When a customer deploys newly purchased tokens, the customer must import a file containing a digitally signed list of seed records associated with serial numbers of the device. From that point on, administrators assign a token by serial number, which is really just associating the seed record of the device with the user's future authentication attempts. Any time that user attempts to authenticate, the server takes the current time and the seed record and computes its own tokencode for comparison to the user input. In fact, one known troubleshooting problem happens when the server and token get out of time synchronization. NTP is usually the answer to that problem.

This further strengthens the theory that seed records were stolen by the "advanced persistent threat", since any customer with a copy of the server-side components essentially has the algorithm, through common reversing techniques of binaries. The server's CPU must be able to computer the tokencode via the algorithm, therefore monitoring instructions as they enter the CPU will divulge the algorithm. This is not a new threat, and certainly nothing worthy of a new moniker. The most common example of reversing binaries is for bypassing software licensing features-- it doesn't take a world-class threat to do that. What is much, much more likely is that RSA SecurID seed records were indeed stolen.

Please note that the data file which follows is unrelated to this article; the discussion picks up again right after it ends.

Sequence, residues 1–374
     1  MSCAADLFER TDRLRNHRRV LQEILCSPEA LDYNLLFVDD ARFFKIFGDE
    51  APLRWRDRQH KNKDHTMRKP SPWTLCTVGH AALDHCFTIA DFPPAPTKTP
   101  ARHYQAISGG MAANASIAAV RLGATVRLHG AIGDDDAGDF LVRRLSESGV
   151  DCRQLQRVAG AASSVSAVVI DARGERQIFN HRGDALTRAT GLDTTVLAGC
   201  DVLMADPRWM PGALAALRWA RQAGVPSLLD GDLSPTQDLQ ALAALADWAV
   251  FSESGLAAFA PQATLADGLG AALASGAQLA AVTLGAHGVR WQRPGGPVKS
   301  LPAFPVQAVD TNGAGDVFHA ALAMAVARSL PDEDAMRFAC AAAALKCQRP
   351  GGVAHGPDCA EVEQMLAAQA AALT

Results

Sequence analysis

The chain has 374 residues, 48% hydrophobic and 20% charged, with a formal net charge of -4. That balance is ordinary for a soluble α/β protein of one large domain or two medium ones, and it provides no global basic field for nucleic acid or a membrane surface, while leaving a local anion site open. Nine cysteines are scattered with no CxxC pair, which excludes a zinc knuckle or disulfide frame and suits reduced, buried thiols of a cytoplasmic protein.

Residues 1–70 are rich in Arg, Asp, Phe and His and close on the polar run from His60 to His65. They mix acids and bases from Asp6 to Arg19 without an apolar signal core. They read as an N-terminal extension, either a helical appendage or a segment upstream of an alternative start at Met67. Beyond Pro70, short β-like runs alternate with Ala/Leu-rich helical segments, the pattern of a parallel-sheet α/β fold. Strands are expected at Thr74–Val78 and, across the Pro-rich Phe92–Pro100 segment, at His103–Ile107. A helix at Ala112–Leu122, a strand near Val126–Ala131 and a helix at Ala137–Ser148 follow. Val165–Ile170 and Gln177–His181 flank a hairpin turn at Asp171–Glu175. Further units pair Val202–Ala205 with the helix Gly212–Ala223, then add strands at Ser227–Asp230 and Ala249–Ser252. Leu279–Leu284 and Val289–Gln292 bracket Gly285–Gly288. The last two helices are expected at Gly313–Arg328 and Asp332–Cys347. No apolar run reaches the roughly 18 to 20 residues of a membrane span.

The only item of value that could be even more damaging might be the algorithm RSA uses to establish seed records and associate them with serial numbers. Assuming there is some repeatable process to that-- and it makes sense to believe there is since that would make production manufacturing of those devices more simple-- then stealing that algorithm is like stealing all seed records: past, present, and future.

Likewise, even if source code is the item that was stolen, it's unlikely that any of that will translate into real attacks since most RSA SecurID installations do not directly expose the RSA servers to the Internet. They're usually called upon by end-user-facing systems like VPNs or websites, and the Internet tier generally packages up the credentials and passes them along in a different protocol, like RADIUS. The only way a vulnerability in the stolen source code would become very valuable would be if there is an injection vulnerability found in it, such as passing a malicious input in a username and password challenge that resulted in the back-end RSA SecurID systems to fail open, much like a SQL injection attack. It's possible, but much more probable that seed records were the stolen item of value.

How to Respond to the News
Lots of advice has been shared for how to handle this bad news. Most of it is good, but a couple items need a reality check.

RSA filed with the SEC and in their filing there is a copy of their customer support note on the issue. At the bottom of the form, is a list of suggestions:
  • We recommend customers increase their focus on security for social media applications and the use of those applications and websites by anyone with access to their critical networks.
  • We recommend customers enforce strong password and pin policies.